9 October 2019
New evidence from a WHO-led study shows that more than
one-third of women in four lower-income countries experienced mistreatment
during childbirth in health facilities. Younger, less-educated women were found
to be the most at risk of mistreatment, which can include physical and verbal
abuse, stigmatization and discrimination, medical procedures conducted without
their consent, use of force during procedures, and abandonment or neglect by
health care workers.
The study “How women are treated during facility-based
childbirth in four countries: a cross-sectional study with labour observations
and community-based surveys” published on 8th October 2019 in the Lancet.
The study, carried out in Ghana, Guinea, Myanmar and
Nigeria, found that 838 (42%) of 2,016 women experienced physical or verbal
abuse, stigma or discrimination. 14% experienced physical abuse – most commonly
being slapped, hit or punched. There
were also high rates of non-consensual caesarean sections, episiotomies
(surgical cuts made at the opening of the vagina during childbirth) and vaginal
WHO guidelines promote respectful maternity care
WHO guidelines promote respectful maternity care for all
women, which is care that maintains ‘dignity, privacy and confidentiality,
ensures freedom from harm and mistreatment, and enables informed choice and
continuous support during labour and childbirth’.
High levels of verbal and physical mistreatment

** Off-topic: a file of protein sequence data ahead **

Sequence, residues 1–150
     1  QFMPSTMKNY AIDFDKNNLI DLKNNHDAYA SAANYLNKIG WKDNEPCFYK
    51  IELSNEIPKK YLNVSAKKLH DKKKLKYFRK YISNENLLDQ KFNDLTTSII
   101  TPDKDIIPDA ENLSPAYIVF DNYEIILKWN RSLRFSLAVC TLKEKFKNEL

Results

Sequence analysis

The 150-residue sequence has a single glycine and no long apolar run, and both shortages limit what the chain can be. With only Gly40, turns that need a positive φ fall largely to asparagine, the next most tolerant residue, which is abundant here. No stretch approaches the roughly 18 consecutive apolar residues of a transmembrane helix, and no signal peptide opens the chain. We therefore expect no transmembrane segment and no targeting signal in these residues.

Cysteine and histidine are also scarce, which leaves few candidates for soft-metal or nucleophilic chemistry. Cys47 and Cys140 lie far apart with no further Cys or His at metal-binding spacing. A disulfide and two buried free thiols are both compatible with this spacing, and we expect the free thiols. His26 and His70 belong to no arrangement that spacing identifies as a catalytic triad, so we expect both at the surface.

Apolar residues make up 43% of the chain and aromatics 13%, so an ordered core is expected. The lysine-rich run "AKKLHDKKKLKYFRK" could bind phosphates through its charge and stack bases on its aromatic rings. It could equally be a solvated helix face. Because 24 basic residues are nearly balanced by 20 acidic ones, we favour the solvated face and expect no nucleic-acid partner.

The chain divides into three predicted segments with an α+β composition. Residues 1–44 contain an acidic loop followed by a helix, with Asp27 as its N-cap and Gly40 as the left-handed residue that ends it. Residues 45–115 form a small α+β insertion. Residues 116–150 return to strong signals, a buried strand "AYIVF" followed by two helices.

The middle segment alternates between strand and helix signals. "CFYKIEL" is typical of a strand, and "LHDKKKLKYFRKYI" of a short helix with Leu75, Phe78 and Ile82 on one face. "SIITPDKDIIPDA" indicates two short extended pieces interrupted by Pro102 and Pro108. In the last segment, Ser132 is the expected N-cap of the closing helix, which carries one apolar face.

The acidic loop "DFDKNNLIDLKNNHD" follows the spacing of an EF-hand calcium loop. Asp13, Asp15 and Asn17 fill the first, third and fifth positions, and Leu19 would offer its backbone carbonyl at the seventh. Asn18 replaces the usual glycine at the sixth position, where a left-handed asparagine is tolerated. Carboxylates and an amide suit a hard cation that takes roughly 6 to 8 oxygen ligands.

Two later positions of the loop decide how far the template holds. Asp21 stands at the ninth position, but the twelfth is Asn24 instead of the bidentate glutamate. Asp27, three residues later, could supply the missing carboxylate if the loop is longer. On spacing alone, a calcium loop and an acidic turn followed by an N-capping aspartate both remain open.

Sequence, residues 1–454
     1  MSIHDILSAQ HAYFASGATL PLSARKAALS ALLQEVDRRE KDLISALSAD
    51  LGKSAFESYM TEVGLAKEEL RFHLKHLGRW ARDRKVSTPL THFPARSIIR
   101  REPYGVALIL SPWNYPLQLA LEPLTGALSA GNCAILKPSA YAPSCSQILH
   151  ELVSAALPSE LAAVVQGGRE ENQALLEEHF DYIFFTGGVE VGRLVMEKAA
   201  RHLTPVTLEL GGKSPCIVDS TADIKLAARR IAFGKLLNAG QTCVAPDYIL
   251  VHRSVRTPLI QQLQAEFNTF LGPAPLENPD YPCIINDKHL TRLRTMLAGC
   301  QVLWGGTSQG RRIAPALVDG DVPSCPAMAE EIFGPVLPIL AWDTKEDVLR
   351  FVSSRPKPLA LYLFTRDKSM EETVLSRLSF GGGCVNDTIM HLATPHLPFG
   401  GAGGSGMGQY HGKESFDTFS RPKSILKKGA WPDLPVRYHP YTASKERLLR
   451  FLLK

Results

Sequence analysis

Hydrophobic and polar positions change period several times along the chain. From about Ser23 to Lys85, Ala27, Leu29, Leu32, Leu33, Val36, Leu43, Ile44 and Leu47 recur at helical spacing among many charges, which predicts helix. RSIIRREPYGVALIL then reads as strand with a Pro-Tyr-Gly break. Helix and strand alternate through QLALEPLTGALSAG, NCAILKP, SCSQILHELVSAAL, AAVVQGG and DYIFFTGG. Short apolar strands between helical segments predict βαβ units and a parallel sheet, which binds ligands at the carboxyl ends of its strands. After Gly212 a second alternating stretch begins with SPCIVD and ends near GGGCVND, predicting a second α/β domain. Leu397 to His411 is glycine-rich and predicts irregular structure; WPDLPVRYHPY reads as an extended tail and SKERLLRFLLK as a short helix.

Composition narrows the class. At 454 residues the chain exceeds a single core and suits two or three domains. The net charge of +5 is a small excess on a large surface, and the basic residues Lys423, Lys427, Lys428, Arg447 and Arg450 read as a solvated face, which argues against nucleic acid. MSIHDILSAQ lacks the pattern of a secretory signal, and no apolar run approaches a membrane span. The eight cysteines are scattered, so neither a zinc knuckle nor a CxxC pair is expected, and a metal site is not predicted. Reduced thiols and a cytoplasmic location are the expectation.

The study observed 2,016 women during labour and childbirth
in Ghana, Guinea, Myanmar. Interviews were also conducted with 2,672 women
after the birth, finding similar levels of mistreatment to the direct
Among the 2016 women observed by the researchers, 35 (13%)
caesarean births were conducted without the woman’s consent, as were 190 of 253
episiotomies (75%). Vaginal examinations occurred without consent in 59% of
cases (2611 of 4393 exams).
In addition to physical abuse, 752 (38%) of the 2016 women
were observed to experience high levels of verbal abuse – most often, being
shouted at, scolded and mocked. 11 women experienced stigma or discrimination,
typically regarding their race or ethnicity.
The way forward
To tackle mistreatment during childbirth, health systems
must be held accountable, and sufficient resources must be in place to provide
quality, accessible maternal health care and clear policies on women’s rights.
Health-care providers also require support and training to ensure that women
are treated with compassion and dignity.
Possible strategies include:
Redesigning labour wards to meet the needs of women,
including allowing for privacy and labour companionship;
Improving the informed consent process around all medical
Providing sufficient mentoring and support for health workers
to help them deliver better quality care;
Allowing all women who want one to have a companion of their
choice with them throughout labour and childbirth;
Building public demand for high quality maternity services
that provide women-centred care and do not tolerate any form of mistreatment.
Professional associations can also play a crucial role in
promoting and supporting respectful care among midwives, obstetricians and
other maternity providers, and safeguarding their rights. WHO calls upon these
entities to collaborate to ensure that mistreatment during childbirth is
consistently identified and reported, and that locally appropriate measures are
The findings of the study should be used to inform policies
and programmes to ensure that all women have positive pregnancy and childbirth
experiences, supported by empowered healthcare providers within
well-functioning health systems.
This research was made possible by the support of the American People through the United States Agency for International Development (USAID) and the UNDP/UNFPA/UNICEF/WHO/World Bank Special Programme of Research, Development and Research Training in Human Reproduction (HRP), Department of Reproductive Health and Research, WHO.
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